To Snap or Not to Snap?

There are 25,766 photos in my digital photo library. On seeing that number recently, I longed for the days of film cameras with 24- and 36-roll clips of film. Back then, if you wanted to take a picture, you needed to make sure it was worth one of those 24 exposures. Now, it seems, I often have dozens of shots of the same scene, each taken milliseconds after the one before it, so similar that only a computer could detect the differences. And why bother deleting them? It’s not like they are taking up space in album somewhere, accumulating dust and wrinkling at the corners.

For the last several years, I have deliberately cut back on the pictures I take. Having a digital camera (as part of my phone) everywhere I go was a novelty at first, but I realized after the first ten or fifteen thousand photos that I could either be an observer or a participant. Others may balance these roles better than I can. I found when I took photos, I didn’t feel like a participant in the event. I didn’t remember the event as well. I wasn’t present in the moment, or to use the phrase of the day, I wasn’t mindful.

Back when photos came in batches of 24 or 36, it was was relatively easy to curate them. I took no time to flip through 24 photos and pick out the ones that were worth keeping, or sticking in a photo album. With nearly 26,000 photos that is nearly impossible. I did the math–that number averages out to about 6 photos a day, every day for the last 13 years.

The cost of the film alone would have made me much more selective about my photos. I checked and a 4-pack of 24-exposure film costs about $35. That’s about $0.36 per photo. It costs around $5 to develop a roll of that film, so call it another $0.21/photo. That’s $0.57 per photo. Looking at the 25,766 photos in my library, it would have cost me around $15,256 if those photos had been on film instead of digital. There’s no way I would have taken even a tenth of those photos if it cost me that much money.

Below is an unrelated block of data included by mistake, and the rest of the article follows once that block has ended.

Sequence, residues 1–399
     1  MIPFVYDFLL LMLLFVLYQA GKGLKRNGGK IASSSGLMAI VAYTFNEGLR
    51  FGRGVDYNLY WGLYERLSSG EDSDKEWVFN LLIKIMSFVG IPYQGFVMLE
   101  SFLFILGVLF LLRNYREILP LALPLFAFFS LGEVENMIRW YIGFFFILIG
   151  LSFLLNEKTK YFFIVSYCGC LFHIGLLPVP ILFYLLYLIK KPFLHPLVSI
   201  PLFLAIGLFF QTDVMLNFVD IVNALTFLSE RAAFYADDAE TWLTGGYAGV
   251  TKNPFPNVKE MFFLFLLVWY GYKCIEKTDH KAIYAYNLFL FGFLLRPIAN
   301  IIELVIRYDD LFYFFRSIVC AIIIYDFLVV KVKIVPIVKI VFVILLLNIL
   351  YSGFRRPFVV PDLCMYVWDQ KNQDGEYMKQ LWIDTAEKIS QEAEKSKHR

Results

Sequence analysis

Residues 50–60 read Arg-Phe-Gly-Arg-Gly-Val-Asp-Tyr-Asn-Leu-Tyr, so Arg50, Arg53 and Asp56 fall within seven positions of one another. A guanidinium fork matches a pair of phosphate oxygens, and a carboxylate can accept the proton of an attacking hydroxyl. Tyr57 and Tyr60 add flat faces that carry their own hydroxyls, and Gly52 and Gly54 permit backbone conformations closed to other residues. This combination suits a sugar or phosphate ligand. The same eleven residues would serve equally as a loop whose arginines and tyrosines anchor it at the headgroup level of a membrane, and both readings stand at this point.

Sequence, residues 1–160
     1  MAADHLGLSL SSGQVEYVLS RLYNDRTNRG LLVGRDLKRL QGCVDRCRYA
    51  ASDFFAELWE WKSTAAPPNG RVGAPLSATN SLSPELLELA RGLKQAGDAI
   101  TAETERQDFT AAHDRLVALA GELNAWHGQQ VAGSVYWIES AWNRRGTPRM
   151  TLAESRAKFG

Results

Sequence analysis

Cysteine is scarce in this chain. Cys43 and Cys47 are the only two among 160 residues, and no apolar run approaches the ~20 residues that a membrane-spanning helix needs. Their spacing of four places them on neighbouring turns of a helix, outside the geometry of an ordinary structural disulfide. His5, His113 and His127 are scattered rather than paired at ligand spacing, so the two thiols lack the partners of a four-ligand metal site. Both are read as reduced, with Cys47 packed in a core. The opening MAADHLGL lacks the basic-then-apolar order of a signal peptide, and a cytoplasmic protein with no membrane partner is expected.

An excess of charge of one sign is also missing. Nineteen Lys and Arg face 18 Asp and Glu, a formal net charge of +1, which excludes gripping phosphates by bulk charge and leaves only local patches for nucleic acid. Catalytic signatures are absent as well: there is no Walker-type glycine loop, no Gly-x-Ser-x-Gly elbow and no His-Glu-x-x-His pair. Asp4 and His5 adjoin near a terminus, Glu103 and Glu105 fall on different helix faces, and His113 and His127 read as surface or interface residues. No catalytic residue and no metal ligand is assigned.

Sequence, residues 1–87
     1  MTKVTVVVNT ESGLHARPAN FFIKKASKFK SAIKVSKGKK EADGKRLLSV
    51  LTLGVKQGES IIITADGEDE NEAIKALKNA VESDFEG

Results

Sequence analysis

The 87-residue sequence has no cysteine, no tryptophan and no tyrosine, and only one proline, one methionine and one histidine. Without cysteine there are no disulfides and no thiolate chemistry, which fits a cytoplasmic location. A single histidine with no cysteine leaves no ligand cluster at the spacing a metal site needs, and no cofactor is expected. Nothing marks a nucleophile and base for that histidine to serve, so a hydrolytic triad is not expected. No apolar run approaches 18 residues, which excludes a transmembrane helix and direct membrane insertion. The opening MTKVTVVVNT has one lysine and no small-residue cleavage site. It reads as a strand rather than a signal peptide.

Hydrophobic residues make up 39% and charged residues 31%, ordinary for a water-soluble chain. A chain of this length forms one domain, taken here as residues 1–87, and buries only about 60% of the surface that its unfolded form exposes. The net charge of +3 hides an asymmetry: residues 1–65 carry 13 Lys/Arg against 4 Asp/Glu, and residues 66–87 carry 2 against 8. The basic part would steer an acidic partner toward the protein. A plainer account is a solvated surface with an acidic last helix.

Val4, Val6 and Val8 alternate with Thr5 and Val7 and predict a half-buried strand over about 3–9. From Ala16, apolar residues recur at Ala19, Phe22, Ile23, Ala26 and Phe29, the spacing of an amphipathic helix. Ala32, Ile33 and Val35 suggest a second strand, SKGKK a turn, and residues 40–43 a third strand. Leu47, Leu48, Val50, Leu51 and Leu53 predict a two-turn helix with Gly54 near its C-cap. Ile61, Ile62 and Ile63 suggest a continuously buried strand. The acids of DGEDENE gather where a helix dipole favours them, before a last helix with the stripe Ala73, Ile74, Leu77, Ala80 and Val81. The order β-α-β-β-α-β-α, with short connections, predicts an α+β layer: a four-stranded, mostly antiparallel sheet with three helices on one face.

Also, I’m not big a photo browser. I generally don’t go back and look at old photos unprompted. I’ll do it if the kids ask me to show them something, or if a specific need comes up, or if I am reminded of something. But with so many photos in such disorganized jumble of bits and bytes, it can be hard to find the specific photo I am looking for.

Thinking about all of this, I think I made the right decision to cut back on how many photos I take. I’d rather enjoy the moment and remember it (and maybe write about it later) than have a hundred photos that I won’t likely look at again. Also, there are usually half a dozen other people taking the same photo, so it’s around somewhere if I wanted it

Whether ’tis nobler in the mind to suffer the snaps and flashes of outrageous snapchatters, or take pen in hand and scribble what I remember and enjoy the moment, I think I’ll enjoy the moment.


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